Dry regenerable sorbent technology is one of the emerging technologies as a cost-effective and energy-efficient technology for CO2 capture from flue gas. Six sodium-based dry regenerable sorbents were prepared by spray-drying techniques. Their physical properties and reactivities were tested to evaluate their applicability to a fluidized-bed or fast transport-bed CO 2 capture process. Each sorbents contained 20-50 wt% of Na 2CO3 or NaHCO3. All sorbents except for Sorb NX30 were insufficient with either attrition resistance or reactivity, or both properties. Sorb NX30 sorbent satisfied most of the physical requirements for a commercial fluidized-bed reactor process along with good chemical reactivity. Sorb NX30 sorbent had a spherical shape, an average size of 89 μm, a size distribution of 38-250 μm, and a bulk density of approximately 0.87 g/mL. The attrition index (AI) of Sorb NX30 reached below 5% compared to about 20% for commercial fluidized catalytic cracking (FCC) catalysts. CO2 sorption capacity of Sorb NX30 was approximately 10 wt % (>80% sorbent utilization) in the simulated flue gas condition compared with 6 of 30 wt % MEA solution (33% sorbent utilization). All sorbents showed almost-complete regeneration at temperatures less than 120 °C.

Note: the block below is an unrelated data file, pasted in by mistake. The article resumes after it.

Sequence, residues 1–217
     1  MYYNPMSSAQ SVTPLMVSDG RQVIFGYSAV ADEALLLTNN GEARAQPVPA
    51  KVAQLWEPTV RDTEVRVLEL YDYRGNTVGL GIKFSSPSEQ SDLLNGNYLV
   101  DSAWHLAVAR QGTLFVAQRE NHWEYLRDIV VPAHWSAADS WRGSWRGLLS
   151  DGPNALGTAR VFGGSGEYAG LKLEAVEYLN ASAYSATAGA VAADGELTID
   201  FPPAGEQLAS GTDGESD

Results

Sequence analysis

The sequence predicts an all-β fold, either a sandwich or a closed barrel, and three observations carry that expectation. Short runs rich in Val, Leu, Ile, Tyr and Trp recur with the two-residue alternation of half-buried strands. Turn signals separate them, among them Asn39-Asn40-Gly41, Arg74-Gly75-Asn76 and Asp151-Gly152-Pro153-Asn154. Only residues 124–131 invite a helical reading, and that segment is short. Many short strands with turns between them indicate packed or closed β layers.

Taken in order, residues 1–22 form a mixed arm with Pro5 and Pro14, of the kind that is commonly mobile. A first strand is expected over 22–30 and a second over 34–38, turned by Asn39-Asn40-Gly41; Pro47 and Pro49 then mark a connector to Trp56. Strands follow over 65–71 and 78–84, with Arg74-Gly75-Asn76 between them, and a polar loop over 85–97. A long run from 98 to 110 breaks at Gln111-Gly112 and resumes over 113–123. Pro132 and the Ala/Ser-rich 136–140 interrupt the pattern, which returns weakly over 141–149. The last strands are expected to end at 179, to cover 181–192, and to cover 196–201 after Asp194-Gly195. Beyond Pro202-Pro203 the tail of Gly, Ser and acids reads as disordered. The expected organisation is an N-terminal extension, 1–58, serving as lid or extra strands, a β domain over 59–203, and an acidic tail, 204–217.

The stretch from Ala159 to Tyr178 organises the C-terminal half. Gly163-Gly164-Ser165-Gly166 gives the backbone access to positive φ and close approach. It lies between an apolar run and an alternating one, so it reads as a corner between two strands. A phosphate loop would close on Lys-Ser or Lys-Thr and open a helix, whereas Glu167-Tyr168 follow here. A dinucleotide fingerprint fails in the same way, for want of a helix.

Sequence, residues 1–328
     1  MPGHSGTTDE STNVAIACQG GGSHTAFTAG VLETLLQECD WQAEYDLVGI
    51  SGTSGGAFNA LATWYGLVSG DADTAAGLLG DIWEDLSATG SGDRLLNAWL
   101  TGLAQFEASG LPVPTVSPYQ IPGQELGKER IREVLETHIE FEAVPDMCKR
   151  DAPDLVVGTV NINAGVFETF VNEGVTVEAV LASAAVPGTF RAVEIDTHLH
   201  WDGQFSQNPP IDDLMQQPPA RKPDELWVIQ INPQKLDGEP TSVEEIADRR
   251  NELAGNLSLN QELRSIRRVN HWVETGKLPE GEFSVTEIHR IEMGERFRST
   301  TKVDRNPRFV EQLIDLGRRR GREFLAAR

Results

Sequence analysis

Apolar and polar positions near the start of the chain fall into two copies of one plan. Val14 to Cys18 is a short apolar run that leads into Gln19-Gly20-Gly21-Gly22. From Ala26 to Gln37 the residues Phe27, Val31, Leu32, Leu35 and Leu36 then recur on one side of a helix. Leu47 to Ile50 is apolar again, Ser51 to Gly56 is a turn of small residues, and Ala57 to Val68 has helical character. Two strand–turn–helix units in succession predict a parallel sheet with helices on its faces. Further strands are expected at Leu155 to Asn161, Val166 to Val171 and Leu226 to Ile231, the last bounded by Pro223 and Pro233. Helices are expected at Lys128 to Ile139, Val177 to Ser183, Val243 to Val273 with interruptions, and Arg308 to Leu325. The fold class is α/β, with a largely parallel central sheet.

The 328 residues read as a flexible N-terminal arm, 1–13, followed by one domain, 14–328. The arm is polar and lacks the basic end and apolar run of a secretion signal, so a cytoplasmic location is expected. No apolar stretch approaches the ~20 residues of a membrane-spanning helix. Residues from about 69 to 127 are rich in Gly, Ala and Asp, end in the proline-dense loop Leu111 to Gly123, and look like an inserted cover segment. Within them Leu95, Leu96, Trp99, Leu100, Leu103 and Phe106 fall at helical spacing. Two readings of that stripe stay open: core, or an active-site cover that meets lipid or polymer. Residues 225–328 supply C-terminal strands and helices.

ASJC Scopus subject areas
- Chemical Engineering(all)
- Industrial and Manufacturing Engineering